The Housing Chronicles Blog: Silver lining of falling prices: greater affordability

Wednesday, May 21, 2008

Silver lining of falling prices: greater affordability

Thanks to falling prices, U.S. affordability levels for median home prices have bounced back to 54% -- 10 percentage points above the 44% level noted in the first quarter of 2007. Still, because buyers expect prices to keep falling, they remain largely stuck on the sidelines hoping for better deals to come. But in many areas, affordability levels are approaching and exceeding 90%. From a story:

With prices crashing around the nation, home price affordability has improved dramatically in many U.S. cities.

As a result, 53.8% of all new and existing homes sold nationwide during the first three months of 2008 were affordable to families earning the median household income of $61,500, according to the latest Housing Opportunity Index released Tuesday by Wells Fargo and the National Association of Home Builders (NAHB).

That's up from 44% during the first three months of 2007 with home prices the most affordable they've been since the three month period that ended June 30, 2004...

Home prices dropped about 8% compared with a year ago, according to NAHB, but that doesn't mean that buyers are flocking back to the market.

"This measure can only take you so far in implications for the market," said Dave Seiders, NAHB's chief economist. "There're several factors that the index does not capture."

These include buyer expectations. Many are reluctant to act in falling markets. That sentiment can contribute to market overshoot, according to Seiders, in which prices fall lower than would be their logical bottom.

Richard DeKaser, who, as chief economist for national City Corp., runs his own affordability studies, pointed out that three main factors influence housing market trends: demographics, like more families moving into an area attracted by jobs; sentiment, the perception that the housing market is a good investment at any point in time; and affordability.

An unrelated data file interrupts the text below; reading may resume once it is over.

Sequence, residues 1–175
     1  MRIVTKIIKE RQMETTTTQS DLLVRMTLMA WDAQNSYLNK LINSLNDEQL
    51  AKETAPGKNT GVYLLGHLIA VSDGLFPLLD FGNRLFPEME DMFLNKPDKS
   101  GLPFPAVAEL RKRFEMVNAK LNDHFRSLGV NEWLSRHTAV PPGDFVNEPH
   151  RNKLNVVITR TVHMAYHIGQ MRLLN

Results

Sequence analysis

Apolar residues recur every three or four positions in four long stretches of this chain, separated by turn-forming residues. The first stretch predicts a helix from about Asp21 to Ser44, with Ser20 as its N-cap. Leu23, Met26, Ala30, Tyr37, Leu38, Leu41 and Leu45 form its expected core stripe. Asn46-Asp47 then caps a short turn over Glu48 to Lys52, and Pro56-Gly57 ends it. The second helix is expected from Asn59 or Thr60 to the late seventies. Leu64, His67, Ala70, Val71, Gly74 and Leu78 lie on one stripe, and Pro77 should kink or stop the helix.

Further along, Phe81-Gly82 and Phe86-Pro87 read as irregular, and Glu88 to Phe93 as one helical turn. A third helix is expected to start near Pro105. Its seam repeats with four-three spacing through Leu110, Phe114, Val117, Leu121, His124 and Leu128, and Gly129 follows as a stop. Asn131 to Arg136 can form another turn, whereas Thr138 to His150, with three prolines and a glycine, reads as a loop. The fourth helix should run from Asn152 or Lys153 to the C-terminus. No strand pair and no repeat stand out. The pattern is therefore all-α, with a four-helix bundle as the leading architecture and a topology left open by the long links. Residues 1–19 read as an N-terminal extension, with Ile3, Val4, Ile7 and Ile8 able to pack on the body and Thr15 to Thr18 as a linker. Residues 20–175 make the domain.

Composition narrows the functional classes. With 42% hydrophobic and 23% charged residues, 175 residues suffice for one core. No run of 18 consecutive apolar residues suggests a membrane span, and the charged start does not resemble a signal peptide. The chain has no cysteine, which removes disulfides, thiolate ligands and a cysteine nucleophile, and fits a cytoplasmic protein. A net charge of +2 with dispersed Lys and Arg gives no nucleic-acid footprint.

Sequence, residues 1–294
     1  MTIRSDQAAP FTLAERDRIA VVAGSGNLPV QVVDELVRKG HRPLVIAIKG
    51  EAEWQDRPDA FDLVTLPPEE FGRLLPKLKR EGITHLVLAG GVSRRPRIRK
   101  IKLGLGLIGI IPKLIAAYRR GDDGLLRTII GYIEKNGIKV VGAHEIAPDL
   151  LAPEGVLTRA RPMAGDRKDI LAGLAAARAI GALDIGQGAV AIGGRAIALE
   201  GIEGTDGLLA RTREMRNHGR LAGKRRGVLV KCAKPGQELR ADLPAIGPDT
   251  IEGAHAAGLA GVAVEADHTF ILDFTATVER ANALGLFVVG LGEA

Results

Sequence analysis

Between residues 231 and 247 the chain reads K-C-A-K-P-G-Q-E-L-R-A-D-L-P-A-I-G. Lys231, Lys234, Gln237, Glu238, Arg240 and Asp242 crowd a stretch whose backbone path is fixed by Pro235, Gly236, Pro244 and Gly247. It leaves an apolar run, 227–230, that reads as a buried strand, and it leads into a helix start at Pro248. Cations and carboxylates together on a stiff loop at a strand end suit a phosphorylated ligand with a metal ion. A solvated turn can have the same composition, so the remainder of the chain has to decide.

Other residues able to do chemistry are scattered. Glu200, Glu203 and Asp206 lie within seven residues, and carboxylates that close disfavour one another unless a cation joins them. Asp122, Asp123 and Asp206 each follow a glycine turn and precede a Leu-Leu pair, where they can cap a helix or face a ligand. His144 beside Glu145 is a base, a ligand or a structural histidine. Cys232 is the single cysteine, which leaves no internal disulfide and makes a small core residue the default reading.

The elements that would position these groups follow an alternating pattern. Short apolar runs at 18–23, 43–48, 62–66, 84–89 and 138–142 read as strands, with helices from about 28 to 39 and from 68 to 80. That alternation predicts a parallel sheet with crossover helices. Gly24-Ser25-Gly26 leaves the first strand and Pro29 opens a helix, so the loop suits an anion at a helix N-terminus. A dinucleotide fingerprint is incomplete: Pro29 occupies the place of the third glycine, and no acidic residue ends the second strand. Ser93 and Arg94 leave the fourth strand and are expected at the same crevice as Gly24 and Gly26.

"While affordability is an important factor that will contribute to recovery of housing markets eventually," he said, "improved affordability is unlikely to lift markets out on its own."...

The index also fails to capture the tightening of lending standards, which has been quite dramatic during the past 12 months. The index presupposes constant lending standards.

But today, lenders are requiring much higher down payments, better financial documentation and higher credit scores than they did during the boom, cutting back on the number of potential buyers.

California has been particularly hard hit by a liquidity squeeze in jumbo loan markets. These mortgages of greater than the $417,000 cap limit that Freddie Mac and Fannie Mae imposed (now temporarily raised to $729,250) are especially important to high-priced markets.

"Jumbo markets had essentially shut down, " said Seiders, "and many California markets depend on jumbo loans." These are getting a little easier to find but they still cost a full 1 to 1.5 percentage points higher than other loans.

That has helped make Los Angeles, the least affordable metro area in the United States, more affordable than last year. But still, despite much lower home prices, to a median $412,000 from $525,000, only a little more than 10% of homes sold during the first quarter of 2008 were priced low enough so that households earning the median income of $59,800 in the area could buy.

That, however, is a change from a year ago when only 3% of Los Angeles area homes sold were affordable to the average Joe...

Although home affordability improved to its best level since mid-2004, Seiders is not predicting a market turnaround anytime soon.

According to him, with job growth slowing, negative consumer sentiment and tight mortgage lending standards, it could be a while before real estate markets start climbing again.

He's predicting that housing starts won't turn upward until early 2009, that home sales will be flat through mid-2009 and that home prices will fall another 10% or so beginning to recover in late '09.

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